Geek EV just managed to submit his message while I was writing mine.

@Geek EV - you are right. The My Tesla diagram does show both left and right wheels pointing forward at the top. Maybe they planned to do this originally, but on my car - and on all the cars I looked at at Tesla Service - the blades on the right side point backwards.

@Timo - thanks for the info on the earlier tires.

So - to reconfirm - in its current configuration the wheels and tires are the same on both side of the car and can be swapped left-to-right.

The images in your My Tesla section are computer generated renderings. Might have been a miscommunication between the engineers and the computer artist. It's a significant error that wouldn't have happened in the days of studio photography!

@nickjhowe - Yikes! Doesn't it look "wrong" that way? Does it bother you? I'm guessing not if you never noticed before... On principal, it sounds like it might bother me - I'll have to contact Tesla Ownership and see about changing my order if it does. Time to go locate a real car and take a closer look.

I've just had a closer look at some of the actual photos elsewhere on the site - it doesn't really look wrong like I thought it might. Here's hoping my OCD doesn't get the best of me now that I know it's wrong. :-o

It's not wrong. It's an airflow thing.

@GeekEV - it does bother me. I'd created a false memory that the wheels all pointed the same way, hence the surprise when I realized they didn't! But I guess I'm going to have to live with it. :-) It doesn't bother me enough to drop a couple of grand on different wheels.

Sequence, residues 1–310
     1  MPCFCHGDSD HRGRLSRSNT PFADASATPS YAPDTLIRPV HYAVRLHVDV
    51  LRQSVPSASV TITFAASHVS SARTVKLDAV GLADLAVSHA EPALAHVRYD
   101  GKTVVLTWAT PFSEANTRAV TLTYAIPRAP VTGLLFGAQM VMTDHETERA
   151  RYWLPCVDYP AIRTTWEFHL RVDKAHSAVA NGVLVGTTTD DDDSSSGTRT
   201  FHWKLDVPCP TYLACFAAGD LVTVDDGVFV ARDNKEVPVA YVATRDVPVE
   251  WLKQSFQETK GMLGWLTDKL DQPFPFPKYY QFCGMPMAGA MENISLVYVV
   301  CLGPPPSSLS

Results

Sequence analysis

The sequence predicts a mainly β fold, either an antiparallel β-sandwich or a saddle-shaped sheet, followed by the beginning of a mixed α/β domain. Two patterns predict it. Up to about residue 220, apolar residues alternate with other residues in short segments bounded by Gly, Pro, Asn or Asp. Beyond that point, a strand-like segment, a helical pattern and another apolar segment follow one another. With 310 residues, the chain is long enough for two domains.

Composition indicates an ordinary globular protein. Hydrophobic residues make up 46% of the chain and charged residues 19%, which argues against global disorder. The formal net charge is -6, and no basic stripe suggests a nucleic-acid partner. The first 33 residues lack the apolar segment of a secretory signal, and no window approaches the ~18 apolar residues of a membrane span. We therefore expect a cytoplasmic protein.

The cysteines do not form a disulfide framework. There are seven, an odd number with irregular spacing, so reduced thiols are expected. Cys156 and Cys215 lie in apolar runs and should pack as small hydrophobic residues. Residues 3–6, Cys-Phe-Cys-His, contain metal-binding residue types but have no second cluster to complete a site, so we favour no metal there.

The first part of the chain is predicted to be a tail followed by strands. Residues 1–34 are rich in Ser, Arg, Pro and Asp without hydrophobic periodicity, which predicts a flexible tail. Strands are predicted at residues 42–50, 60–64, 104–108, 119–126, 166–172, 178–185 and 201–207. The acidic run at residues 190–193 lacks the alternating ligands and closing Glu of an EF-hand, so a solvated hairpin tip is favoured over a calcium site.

@Brian H, what on earth is your background/occupation?

@TINO F, I agree; the right amount of self-acknowledged OCD is a benefit; a tab bit too much is debilitating.

I also assumed they would look correct from either side. I get the air-flow justification; I'm just thankful I cant see them from inside the car while parked!

Sorry, @TINO F, that was meant for @Geek EV.

Anthony;
Small business accounting, and computers. Latterly, online editing.

B

and don't forget spell checking.

(off topic)
@Brian H, you must have a wide range of clients/industries. Great perspectives.
...and spell-checking.

Anthony;
past tense. Pretty much retired, now.

I had the stock directional wheels on my '94 Nissan 300ZX twin turbo. They were manufactured that way to help cool the brakes. Hopefully in normal circumstances, we'll all be driving with one pedal, regenerating rather than converting forward momentum to heat.

Also, on that Z, the front wheels weren't as wide as the backs. And the tires were direcitonal as well. So tire rotations required exchanging tires but not wheels, independently front & back, and rebalancing each corner.

Using non-directional wheels & tires makes rotations much easier.

As long as while the car is in motion, there's not a significant effect on drag, or cooling the battery pack/inverter/stator, or the climate control heat exchanger, everything should be fine. I doubt there's much effect on any of those.

My 84 corvette had turbine wheels that were designated left and right side. GM said they were designed to cool the brakes and to not get the sides reversed. They also said not to mount aftermarket wheels because the brakes would run hotter. But everyone did, and unless you were on the track. I doubt anyone noticed a difference.

From the corvette forum:
Well, we did an unofficial test at the track. I noticed my buddy's wheels were on backwards and stated they needed to be correct in order for the cooling of the brakes.

He reversed them and had them mounted properly and noticed a huge difference in braking.

The 84-90 were designed to draw air in, where the 91-96 were designed to draw air out.
<<<<<<<<

Sounds like the Tesla Turbines are cosmetic only?

Jay